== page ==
SPORTS
December 19, 1987 | BOB WOLF, Special to The Times
Among the invited guests were a snake named Irvine, a leopard named Kelai and an owl named Wahooee. It wasn't your average retirement party, but then, Rolf Benirschke isn't average. The setting--the Rondavel Room at the San Diego Zoo--was tailor-made for a man whose "Kicks for Critters" project has raised more than $1 million for the zoo's Center for Reproduction of Endangered Species, including $50 for each field goal he kicked as a Charger.
SPORTS
December 16, 1987 | BILL PLASCHKE, Times Staff Writer
Rolf Benirschke, the most famous and fabled Charger kicker, is expected to announce his retirement today at a 2 p.m. reception at the San Diego Zoo. After being acquired by the Chargers on waivers from Oakland in 1977, Benirschke became the club's all-time leading scorer (766 points) and the holder of 15 club records. But after he missed several key field goals in 1986--as well as his first extra point since 1983--he was traded to Dallas Aug. 31 for a conditional 12th-round draft pick.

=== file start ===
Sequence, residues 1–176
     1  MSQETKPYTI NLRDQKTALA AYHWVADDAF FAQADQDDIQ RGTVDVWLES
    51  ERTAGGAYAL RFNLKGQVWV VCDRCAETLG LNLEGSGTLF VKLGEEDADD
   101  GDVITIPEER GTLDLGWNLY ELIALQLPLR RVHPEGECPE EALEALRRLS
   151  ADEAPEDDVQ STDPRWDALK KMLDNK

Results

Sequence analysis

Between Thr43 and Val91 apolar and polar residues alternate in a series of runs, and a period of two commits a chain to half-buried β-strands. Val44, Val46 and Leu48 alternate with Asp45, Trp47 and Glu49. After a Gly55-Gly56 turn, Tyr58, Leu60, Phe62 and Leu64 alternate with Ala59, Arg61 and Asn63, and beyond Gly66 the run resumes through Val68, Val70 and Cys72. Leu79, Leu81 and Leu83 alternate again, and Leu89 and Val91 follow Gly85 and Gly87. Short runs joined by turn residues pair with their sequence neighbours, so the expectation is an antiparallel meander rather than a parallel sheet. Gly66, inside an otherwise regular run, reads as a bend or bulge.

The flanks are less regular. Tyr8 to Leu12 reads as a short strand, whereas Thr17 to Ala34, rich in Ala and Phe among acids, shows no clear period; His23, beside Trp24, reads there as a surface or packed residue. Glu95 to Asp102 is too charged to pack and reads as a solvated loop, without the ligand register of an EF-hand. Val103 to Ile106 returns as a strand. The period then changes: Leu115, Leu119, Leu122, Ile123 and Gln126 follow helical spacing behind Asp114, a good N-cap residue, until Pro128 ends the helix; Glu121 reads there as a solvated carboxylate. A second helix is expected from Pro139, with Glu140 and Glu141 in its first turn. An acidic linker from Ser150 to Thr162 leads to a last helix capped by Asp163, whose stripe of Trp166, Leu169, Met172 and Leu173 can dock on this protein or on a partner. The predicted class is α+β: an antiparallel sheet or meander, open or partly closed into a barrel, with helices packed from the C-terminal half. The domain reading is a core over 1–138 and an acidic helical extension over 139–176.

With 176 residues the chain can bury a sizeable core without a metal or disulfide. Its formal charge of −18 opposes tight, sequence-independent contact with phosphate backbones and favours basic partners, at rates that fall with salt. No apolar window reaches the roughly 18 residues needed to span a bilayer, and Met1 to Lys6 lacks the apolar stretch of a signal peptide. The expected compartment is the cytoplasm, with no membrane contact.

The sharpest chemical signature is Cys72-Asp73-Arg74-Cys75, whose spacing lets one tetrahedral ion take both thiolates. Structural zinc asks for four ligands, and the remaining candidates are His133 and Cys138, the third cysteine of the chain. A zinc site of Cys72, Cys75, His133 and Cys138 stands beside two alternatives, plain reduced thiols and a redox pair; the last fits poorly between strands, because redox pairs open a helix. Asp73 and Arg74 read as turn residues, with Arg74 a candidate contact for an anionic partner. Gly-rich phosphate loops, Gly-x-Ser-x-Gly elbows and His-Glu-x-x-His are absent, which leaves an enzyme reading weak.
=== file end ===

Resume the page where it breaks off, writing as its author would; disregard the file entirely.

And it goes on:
CALIFORNIA | LOCAL
September 6, 1987
Few athletes have enjoyed the kind of loving relationship with a community that Rolf Benirschke has had with San Diego. In part that may be because he was a local boy; in part because he became ill and we feared we might lose him; in part because of his heroics on the football field as he became the Chargers' all-time leading scorer. But mainly it was because of the kind of person he is.
SPORTS
November 16, 1987 | BOB WOLF, Special to The Times
Vince Abbott insisted that it was nothing special, but 44 other Chargers begged to disagree. So did the 45 Raiders, and as is often the case, it remained for colorful Howie Long to put things in perspective. Said the Raider veteran: "That little guy named Abbott nailed our coffin shut tonight." Actually, Long's remark covered only part of the story at Jack Murphy Stadium Sunday night.